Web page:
I’ve been a bad girl.
I’ve been sorely neglecting the promotional part of my writing life. Aside from running another Goodreads giveaway, I’ve done pitifully little in the last few months to promote “Dance of Souls.” Instead I have been happily, deliciously, wiling away the hours working on my new novel.
That must change, but I’m not sure I have it in me.
Even as a corporate marketer, I was never very good at blatant promotion. You know, sidling up to people at cocktail parties, sticking out my hand, introducing myself, and giving the elevator pitch for the product du jour. I was always more likely to… you know, stick my head in the sand.
I’m even worse at self promotion, at least as far as my fiction is concerned. For some reason, it’s not hard for me to promote myself in my other career, as a birth doula—perhaps because I can clearly see and articulate the value of my services in helping families when they’re having babies.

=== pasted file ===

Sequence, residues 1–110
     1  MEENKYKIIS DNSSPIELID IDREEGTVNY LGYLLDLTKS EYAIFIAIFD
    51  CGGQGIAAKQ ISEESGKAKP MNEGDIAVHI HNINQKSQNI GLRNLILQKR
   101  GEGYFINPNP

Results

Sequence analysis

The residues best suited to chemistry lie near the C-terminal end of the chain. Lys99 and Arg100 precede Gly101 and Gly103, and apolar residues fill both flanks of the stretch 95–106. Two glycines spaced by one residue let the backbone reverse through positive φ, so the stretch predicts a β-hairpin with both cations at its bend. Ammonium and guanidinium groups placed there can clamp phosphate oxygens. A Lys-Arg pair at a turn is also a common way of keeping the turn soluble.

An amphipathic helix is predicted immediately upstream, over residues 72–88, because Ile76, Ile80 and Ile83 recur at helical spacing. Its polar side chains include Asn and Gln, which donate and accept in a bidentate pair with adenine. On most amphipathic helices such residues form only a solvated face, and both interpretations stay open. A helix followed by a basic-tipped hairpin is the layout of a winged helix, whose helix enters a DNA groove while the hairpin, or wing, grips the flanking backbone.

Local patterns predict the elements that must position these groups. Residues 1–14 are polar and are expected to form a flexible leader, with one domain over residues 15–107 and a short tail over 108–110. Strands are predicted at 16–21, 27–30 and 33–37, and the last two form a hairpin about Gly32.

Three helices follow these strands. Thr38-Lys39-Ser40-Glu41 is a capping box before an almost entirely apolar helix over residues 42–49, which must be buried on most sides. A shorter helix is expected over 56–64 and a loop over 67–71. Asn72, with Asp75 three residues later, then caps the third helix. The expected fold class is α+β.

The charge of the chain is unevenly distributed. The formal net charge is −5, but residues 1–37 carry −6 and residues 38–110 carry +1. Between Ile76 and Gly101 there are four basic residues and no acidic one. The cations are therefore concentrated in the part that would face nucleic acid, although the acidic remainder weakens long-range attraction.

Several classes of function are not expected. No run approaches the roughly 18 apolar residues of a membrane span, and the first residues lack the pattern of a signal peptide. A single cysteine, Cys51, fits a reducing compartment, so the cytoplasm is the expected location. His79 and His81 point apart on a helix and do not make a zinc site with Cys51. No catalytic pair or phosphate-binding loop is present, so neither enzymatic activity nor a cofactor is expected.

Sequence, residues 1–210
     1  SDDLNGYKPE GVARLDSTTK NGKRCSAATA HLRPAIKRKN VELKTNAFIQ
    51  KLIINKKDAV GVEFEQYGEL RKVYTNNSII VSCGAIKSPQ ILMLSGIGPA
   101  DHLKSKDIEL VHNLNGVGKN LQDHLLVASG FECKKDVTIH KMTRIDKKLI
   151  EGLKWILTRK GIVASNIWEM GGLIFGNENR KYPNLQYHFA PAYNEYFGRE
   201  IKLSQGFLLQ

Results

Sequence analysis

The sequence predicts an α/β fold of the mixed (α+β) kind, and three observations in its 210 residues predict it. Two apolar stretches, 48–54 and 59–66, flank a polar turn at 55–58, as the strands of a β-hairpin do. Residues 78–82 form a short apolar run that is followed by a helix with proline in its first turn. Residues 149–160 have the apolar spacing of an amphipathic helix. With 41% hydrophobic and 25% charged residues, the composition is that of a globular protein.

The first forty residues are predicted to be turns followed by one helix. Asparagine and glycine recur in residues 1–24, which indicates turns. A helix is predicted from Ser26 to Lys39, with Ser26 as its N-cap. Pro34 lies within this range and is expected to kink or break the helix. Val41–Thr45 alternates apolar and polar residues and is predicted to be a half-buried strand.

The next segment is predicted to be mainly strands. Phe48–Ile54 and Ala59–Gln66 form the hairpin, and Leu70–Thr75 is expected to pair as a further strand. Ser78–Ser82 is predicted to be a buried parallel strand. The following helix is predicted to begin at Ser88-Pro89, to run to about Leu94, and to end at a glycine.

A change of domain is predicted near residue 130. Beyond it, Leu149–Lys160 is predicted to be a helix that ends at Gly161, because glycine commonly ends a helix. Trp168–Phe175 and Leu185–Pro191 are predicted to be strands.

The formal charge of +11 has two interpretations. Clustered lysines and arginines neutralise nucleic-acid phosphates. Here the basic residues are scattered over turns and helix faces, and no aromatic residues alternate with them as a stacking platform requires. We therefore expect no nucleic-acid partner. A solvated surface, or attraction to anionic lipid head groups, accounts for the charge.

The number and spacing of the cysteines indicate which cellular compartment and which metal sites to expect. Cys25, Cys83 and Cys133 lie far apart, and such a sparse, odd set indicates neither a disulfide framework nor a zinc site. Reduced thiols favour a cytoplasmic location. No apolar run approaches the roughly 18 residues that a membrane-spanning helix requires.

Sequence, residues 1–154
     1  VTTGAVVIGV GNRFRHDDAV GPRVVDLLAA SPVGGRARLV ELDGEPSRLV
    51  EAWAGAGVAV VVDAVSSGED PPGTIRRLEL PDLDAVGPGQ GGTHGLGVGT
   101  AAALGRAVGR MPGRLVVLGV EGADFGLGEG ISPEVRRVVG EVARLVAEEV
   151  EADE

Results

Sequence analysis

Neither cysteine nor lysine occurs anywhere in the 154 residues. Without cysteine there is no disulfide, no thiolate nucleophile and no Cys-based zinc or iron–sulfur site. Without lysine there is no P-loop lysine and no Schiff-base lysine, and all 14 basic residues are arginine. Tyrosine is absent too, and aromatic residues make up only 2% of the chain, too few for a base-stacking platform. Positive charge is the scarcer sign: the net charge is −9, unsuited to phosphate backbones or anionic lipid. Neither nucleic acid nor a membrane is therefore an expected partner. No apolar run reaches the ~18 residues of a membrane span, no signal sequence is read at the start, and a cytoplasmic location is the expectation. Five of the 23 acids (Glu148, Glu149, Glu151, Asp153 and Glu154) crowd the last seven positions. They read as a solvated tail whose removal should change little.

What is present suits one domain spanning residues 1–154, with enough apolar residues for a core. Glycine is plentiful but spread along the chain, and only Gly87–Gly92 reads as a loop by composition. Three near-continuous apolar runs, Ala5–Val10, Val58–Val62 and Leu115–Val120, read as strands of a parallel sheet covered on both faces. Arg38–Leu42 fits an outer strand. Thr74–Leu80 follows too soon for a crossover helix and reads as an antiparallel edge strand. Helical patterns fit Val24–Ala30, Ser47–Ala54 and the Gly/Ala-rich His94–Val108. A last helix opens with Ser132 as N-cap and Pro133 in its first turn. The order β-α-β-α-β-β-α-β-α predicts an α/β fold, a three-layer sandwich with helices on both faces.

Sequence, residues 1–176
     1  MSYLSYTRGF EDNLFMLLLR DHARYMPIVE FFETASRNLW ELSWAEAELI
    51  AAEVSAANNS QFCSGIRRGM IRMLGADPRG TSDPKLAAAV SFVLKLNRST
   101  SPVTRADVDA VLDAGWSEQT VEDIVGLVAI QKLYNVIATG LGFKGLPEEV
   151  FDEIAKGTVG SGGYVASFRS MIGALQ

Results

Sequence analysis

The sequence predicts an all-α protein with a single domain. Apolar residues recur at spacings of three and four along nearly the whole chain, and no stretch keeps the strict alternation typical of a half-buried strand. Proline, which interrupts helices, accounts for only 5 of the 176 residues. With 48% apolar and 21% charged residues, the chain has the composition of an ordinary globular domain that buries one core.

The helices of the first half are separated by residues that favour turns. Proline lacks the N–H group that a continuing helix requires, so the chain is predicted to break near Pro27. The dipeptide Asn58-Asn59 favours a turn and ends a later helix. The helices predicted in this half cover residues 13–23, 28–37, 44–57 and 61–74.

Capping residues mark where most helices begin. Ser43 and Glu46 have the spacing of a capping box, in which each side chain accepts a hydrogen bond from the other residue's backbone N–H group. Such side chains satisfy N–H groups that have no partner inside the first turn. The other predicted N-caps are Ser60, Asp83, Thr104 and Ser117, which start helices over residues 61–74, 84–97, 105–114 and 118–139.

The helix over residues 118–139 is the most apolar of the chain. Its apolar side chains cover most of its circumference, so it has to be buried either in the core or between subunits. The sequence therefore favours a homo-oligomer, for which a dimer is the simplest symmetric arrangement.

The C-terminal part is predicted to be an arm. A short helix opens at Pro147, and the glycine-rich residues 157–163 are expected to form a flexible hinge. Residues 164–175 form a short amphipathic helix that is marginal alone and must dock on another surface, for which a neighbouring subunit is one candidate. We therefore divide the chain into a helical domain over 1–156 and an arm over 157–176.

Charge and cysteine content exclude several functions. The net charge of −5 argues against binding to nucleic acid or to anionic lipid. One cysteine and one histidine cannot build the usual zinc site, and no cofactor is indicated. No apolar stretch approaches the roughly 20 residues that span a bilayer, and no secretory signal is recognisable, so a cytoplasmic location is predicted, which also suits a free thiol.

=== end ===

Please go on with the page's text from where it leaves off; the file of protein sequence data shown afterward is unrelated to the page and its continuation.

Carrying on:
At some level, most fiction writers may be this way. After all, if we were great promoters, we’d probably be out starting companies or selling ice to residents of Alaska.
I’m not naive enough to think that my book is going to sell itself. Still, when I consider the psychic pain of getting “out there” in all the ways that I should be—showing my face at local independent book stores, talking myself up in every conceivable social context, virtual and real—vs. the payoff of getting more readers, I usually find it easy to tell myself that I don’t really need more readers.
So, dear blog followers, you heard it here first: I am (re)committing to executing the marketing plan for Dance of Souls that I wrote up last fall. It’s not rocket science, as they say. I just need to start doing it. I’ll keep you updated on what I’m trying out, and how it’s working. If you don’t hear about some marketing activity every few weeks, feel free to excoriate me!
First up: 1) sending books to the winners of the Goodreads giveaway and 2) exploring ads on Goodreads.
It’s such a tough balance between promoting and writing. Congrats on making such progress on your next novel! Good luck with the marketing. Congrats on reaffirming your commitment. 🙂 I look forward to hearing more about your progress.